Louise Penny has peopled her Three Pines mysteries with a large, fleshed-out cast of characters. We’re privy to the intimate family life of Chief Inspector Gamache and his wife Reine-Marie and the personalities of the cops in his Squad: their private lives and weaknesses. There is his fiercely loyal second-in-command Inspector Jean Guy Beauvoir, a tireless investigator but short on empathy for co-workers or witnesses. Agent Isabelle Lacoste, reliable, committed, emotionally-solid. Agent Yvette Nichol — the Chief’s special project — smart, disturbed, unreliable. The denizens of Three Pines are even more quirky and numerous: the Bistro couple, Olivier and Gabri, very different personalities (one a potential murderer). Clara and Peter Morrow, both painters, the husband successful but zealous of his as yet unknown, intuitive-genius wife. Myrna, the bookstore owner, a psychologist who fled the City, the only black in the village. Ruth Zardo, a foul-mouthed, septuagenarian poet of genius whose companion on walks around the village is a duck named Rosa. And any number of resident-suspects.

Bury Your Dead, the new Chief Inspector Gamache mystery, is what some would irritatingly call the author’s “breakout book”. Except, Louise Penny is already broke out, her excellent novels long-past discovered. Bury the Dead is outstanding, her best ever. Gamarche is in Quebec City, recuperating from wounds and grief, the cause of which is revealed piecemeal and brilliantly in the course of the novel. He is staying with his former boss and mentor in his house within the ancient walled city during Winter Carnival Week. To divert his troubled mind, Gamache is researching a mystery that surrounds the 1759 Battle of Quebec that gave the English the City. He reads daily in the ancient manuscripts preserved at the Literary and Historical Society, a little-known bastion of the English in French Quebec. And then a body is found in the basement of the Society, recently murdered, and the Chief Inspector is persuaded to lend a hand, which becomes a search for the lost burial place of Samuel de Champlain, the City’s founder, and for the reason that the foremost searcher for Champlain’s body, a Frenchman, ended up buried in the basement of the Literary and Historical Society of the hated English.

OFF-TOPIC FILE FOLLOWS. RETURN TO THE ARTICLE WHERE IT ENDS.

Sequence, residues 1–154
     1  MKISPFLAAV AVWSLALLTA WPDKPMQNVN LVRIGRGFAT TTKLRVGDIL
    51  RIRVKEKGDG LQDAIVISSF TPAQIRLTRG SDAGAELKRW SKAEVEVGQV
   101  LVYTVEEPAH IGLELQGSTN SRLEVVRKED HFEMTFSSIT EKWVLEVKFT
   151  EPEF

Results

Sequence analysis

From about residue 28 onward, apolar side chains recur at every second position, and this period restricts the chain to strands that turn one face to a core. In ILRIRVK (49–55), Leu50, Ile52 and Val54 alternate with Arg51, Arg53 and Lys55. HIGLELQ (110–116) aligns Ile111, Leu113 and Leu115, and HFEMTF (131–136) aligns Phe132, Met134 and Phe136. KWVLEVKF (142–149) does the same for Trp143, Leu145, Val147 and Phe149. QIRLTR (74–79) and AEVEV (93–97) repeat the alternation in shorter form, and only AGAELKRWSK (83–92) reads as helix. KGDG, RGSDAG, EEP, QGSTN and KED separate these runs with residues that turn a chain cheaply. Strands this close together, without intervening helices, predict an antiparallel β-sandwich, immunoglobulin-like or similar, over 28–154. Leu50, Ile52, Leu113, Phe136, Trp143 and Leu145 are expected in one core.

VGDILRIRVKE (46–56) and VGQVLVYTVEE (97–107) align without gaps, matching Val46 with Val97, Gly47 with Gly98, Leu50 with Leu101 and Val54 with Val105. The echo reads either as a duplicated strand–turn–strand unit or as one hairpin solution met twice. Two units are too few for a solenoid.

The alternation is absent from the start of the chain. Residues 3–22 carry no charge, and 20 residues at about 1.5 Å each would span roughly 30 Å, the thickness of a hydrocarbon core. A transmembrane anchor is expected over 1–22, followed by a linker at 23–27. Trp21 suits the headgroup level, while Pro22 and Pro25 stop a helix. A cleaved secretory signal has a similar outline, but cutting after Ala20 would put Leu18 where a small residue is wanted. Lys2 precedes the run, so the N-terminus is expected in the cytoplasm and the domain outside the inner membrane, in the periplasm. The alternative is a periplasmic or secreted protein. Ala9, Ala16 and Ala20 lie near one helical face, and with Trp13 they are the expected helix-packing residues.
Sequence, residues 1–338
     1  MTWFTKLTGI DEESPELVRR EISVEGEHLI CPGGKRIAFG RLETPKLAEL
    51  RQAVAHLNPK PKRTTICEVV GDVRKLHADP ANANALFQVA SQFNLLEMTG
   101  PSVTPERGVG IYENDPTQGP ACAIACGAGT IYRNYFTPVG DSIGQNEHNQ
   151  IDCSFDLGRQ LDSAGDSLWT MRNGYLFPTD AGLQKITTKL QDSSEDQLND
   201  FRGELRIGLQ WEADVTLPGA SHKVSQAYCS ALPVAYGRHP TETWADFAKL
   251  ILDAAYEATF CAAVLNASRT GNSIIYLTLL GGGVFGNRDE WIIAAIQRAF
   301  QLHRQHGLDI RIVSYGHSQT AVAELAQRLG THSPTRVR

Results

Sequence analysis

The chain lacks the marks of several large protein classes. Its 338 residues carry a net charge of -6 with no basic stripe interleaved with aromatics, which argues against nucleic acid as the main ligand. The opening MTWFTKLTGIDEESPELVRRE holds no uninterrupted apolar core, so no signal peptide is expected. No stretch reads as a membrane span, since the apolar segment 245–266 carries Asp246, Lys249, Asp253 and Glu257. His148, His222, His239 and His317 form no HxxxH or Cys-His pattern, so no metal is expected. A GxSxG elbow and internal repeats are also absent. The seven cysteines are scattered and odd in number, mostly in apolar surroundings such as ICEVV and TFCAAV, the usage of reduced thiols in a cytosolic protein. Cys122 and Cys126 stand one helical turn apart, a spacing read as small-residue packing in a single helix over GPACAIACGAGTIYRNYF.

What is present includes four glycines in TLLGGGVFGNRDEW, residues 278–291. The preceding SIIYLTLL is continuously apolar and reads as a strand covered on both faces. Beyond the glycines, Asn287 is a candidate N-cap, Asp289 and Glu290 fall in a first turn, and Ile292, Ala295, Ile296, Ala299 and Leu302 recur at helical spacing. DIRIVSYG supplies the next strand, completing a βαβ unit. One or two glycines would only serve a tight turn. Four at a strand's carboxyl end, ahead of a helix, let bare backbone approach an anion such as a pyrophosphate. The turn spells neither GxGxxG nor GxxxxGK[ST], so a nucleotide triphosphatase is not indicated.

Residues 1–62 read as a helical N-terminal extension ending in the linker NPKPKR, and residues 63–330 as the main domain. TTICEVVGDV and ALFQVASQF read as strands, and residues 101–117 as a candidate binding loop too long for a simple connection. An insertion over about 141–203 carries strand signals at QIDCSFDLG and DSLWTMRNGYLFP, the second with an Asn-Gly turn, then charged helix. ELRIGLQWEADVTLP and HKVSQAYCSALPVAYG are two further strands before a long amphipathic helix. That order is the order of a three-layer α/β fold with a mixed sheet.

Bury Your Dead is the most elaborate and well-constructed mystery I’ve read since Umberto Eco’s The Name of the Rose. Penny interweaves three separate storylines — the murder in the basement; the recurrent nightmares of the ambush by terrorists that nearly killed himself and Beauvoir; the reopening of the Three Pines murder investigation (detailed in A Brutal Telling) that put his friend, Olivier, in prison. All is told in startling and original detail, as in this symbolic description of Gamache walking his German Shepherd Henri on the snow-piled streets of Quebec City on an austerely beautiful, numbingly cold evening:

“Picking up a handful of snow, the Chief Inspector mashed it into a ball in his fist. Henri immediately stood, his tail going so hard his entire rear swayed. His eyes burning into the ball. Gamache tossed it into the air and the dog leapt, his mouth closing over the snowball, and chomping down. Landing on all fours, Henri was once again surprised that the thing that had been so solid had suddenly disappeared. Gone, so quickly . . . But next time would be different.”

1 comment:

  1. Thanks so much for this, Robert. I have always heard of Louise Perry as "the Agatha Christie of Canada," and that made me think I would not enjoy her work. You've changed my mind.